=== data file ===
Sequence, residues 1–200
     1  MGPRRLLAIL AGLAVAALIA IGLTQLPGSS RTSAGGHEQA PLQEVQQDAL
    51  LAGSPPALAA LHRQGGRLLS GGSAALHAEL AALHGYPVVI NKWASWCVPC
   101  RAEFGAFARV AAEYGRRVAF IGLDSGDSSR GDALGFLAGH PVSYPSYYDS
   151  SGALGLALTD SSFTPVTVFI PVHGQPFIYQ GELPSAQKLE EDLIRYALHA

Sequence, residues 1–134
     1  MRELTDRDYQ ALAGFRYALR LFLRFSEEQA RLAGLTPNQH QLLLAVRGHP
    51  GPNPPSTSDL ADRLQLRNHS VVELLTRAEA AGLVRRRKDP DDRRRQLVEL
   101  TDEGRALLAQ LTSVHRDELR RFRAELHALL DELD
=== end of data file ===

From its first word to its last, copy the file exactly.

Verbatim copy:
Sequence, residues 1–200
     1  MGPRRLLAIL AGLAVAALIA IGLTQLPGSS RTSAGGHEQA PLQEVQQDAL
    51  LAGSPPALAA LHRQGGRLLS GGSAALHAEL AALHGYPVVI NKWASWCVPC
   101  RAEFGAFARV AAEYGRRVAF IGLDSGDSSR GDALGFLAGH PVSYPSYYDS
   151  SGALGLALTD SSFTPVTVFI PVHGQPFIYQ GELPSAQKLE EDLIRYALHA

Sequence, residues 1–134
     1  MRELTDRDYQ ALAGFRYALR LFLRFSEEQA RLAGLTPNQH QLLLAVRGHP
    51  GPNPPSTSDL ADRLQLRNHS VVELLTRAEA AGLVRRRKDP DDRRRQLVEL
   101  TDEGRALLAQ LTSVHRDELR RFRAELHALL DELD